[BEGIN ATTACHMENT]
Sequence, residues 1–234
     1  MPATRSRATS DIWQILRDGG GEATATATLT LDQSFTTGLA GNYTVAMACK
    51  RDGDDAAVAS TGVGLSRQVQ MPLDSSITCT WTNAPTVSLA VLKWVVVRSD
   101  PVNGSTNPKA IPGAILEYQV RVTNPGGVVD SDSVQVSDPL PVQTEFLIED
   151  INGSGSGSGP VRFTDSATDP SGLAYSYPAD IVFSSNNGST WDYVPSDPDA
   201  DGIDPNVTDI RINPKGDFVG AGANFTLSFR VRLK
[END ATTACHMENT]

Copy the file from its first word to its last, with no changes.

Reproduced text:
Sequence, residues 1–234
     1  MPATRSRATS DIWQILRDGG GEATATATLT LDQSFTTGLA GNYTVAMACK
    51  RDGDDAAVAS TGVGLSRQVQ MPLDSSITCT WTNAPTVSLA VLKWVVVRSD
   101  PVNGSTNPKA IPGAILEYQV RVTNPGGVVD SDSVQVSDPL PVQTEFLIED
   151  INGSGSGSGP VRFTDSATDP SGLAYSYPAD IVFSSNNGST WDYVPSDPDA
   201  DGIDPNVTDI RINPKGDFVG AGANFTLSFR VRLK